Maintaining an unbroken cold chain for temperature-sensitive products is always a challenge. But the complexities are fewer when you’re simply storing products as opposed to transporting them. Cold chain storage could require just a thermometer, clipboard, and the human resources for periodic monitoring; transportation requires temperature maintenance and continuous cold chain asset monitoring systems across multiple environments, a process that is also often subject to transport delays, infrastructure issues, and numerous personnel interacting with the product. Using a quality, connected logistics temperature sensor won’t address all these challenges, but it will set your cold chain maintenance process up for success.

Cold Chain Maintenance: Sensor Infrastructure

Monitoring cold chain sensors do exactly what you would expect: track environmental temperatures so you are informed about instances where the temperature has gone out of range.

Sensor technology as it pertains to maintenance of the cold chain can be quite simple. There are numerous models available, many of which monitor humidity levels in addition to temperature, and all with varying degrees of accuracy. The highest-quality cold chain sensors require no calibration and are extremely accurate. But keep in mind that not all types of products require exact cold chain storage temperature monitoring, so you may wind up paying extra for a level of accuracy you don’t actually need. Other things to keep in mind when choosing a sensor are:

  • Power consumption/power supply—Is the sensor battery-powered? Are the batteries rechargeable or disposable? How much power does it consume? This is important because the frequency of changing or recharging batteries will affect overall cost.
  • Shock-resistance—Some sensors are designed to handle bumps and jolts better than others. If your product is likely to encounter a great deal of instability during transport, choose a sensor that’s built to handle it.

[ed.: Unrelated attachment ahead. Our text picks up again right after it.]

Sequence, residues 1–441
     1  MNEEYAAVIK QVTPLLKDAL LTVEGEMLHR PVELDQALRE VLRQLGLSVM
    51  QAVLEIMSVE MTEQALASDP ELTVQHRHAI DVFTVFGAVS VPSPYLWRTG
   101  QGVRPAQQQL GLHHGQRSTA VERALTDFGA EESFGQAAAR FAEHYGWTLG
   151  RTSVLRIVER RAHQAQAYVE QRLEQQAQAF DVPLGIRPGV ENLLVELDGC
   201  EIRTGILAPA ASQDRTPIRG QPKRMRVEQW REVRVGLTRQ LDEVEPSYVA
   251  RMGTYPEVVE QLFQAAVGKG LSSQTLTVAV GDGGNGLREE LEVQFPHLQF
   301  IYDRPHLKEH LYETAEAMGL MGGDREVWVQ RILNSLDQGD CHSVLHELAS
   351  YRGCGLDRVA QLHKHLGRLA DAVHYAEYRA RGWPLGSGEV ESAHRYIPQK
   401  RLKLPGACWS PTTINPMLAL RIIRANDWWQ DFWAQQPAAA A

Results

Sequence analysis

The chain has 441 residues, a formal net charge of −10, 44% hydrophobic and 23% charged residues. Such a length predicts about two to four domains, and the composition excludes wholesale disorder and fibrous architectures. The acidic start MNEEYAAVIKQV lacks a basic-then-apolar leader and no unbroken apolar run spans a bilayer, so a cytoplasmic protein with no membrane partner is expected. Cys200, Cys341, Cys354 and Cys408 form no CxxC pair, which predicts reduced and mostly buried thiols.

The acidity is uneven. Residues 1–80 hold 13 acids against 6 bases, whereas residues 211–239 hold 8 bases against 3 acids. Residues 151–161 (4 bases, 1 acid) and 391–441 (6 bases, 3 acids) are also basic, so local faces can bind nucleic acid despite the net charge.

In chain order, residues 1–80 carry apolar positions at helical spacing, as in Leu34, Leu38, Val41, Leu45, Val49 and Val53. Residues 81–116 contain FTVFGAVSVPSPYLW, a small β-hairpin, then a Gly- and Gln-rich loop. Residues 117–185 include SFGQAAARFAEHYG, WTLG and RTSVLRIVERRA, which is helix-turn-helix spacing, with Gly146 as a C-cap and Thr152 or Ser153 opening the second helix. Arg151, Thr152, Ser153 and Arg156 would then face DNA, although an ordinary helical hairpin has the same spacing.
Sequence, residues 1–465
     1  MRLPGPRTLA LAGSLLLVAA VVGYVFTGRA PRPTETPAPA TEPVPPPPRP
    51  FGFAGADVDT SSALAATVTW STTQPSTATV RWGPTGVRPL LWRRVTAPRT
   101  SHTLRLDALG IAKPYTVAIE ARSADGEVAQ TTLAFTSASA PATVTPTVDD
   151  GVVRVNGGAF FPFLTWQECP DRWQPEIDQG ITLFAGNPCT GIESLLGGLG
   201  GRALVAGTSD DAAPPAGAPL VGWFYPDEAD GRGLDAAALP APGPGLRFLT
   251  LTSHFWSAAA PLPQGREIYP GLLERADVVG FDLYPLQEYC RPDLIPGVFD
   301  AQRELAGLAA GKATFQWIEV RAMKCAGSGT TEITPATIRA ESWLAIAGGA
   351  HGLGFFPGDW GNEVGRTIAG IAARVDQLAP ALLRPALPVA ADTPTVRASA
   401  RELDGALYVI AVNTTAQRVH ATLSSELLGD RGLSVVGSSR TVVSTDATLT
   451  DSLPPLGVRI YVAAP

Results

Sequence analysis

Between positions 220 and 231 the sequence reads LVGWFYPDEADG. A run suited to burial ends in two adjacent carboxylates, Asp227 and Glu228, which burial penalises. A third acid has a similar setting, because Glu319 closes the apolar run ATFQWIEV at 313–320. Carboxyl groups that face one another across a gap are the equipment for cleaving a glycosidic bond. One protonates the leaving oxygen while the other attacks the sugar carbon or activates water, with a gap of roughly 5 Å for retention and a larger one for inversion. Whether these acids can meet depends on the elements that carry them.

Very few companies that offer sensor solutions make the actual temperature sensor chip. To find out more about the quality of any solution’s circuit component, ask the solution provider about the part they use in their device. You can then look up the parts’ datasheets and compare them to choose the best one for your needs.

Download our free whitepaper to learn how cold chain asset monitoring with IoT technologies can improve visibility inside your manufacturing facility.

Cold Chain Maintenance: Sensor Logistics

Once you’ve chosen a temperature sensor for cold chain, you need to build out processes surrounding its use. Things to consider include:

  • Setting it up—If you’re using a simple data logger to monitor temperature, you’ll have to configure it before use to set things like sampling frequency and start/stop times. Or, if your advanced sensor solution uses BLE, RFID or WiFi, you’ll need to follow the steps to get the device connected, which may include setting passwords or configuring SIM cards.
  • Return of the sensors at the end of transport—Most sensors aren’t disposable, so you’ll need to create a process for how they’ll be returned to you after a transport is complete.
  • Handling temperature anomalies—Create a workflow defining how workers should proceed if the temperature falls outside the acceptable range. In some cases the best you can do is cut your losses by aborting the transport. In others, there may be a way to use the real-time data to take corrective action.
  • Data analysis—Examining sensor data could reveal insightful patterns. For example, you may notice that a particular trailer that always drives to the same destination has a higher rate of temperature anomalies than others. If that’s the case, repair work may be all that’s required to solve the problem.

Also, keep in mind that your investment in cold chain infrastructure could provide even greater return if you use it to measure other things that have an impact on temperature. For example, knowing the amount of current your refrigerator is drawing, compressor cycle times, and how often the door is being opened (or left open) can help you troubleshoot before problems manifest during transport. These measurements aren’t technically components of the cold chain, but they do make a difference.

Looking for a simple, cost-effective cold chain maintenance solution?

Take a look at AirFinder. Our sensors provide real-time data using minimal technology, and they can be used to monitor a variety of environmental conditions in addition to temperature. Visit our product page or contact us to learn more.



Written by Brian Ray

Brian is the Founder and CTO of Link Labs. As the chief technical innovator and leader of the company, Brian has led the creation and deployment of a new type of ultra long-range, low-power wireless networking which is transforming the Internet of Things and M2M space.

Before starting Link Labs, Brian led a team at the Johns Hopkins University Applied Physics Lab that solved communications and geolocation problems for the national intelligence community. He was also the VP of Engineering at the network security company, Lookingglass, and served for eight years as a submarine officer in the U.S. Navy. He graduated from the U.S. Naval Academy and received his Master’s Degree from Oxford University.

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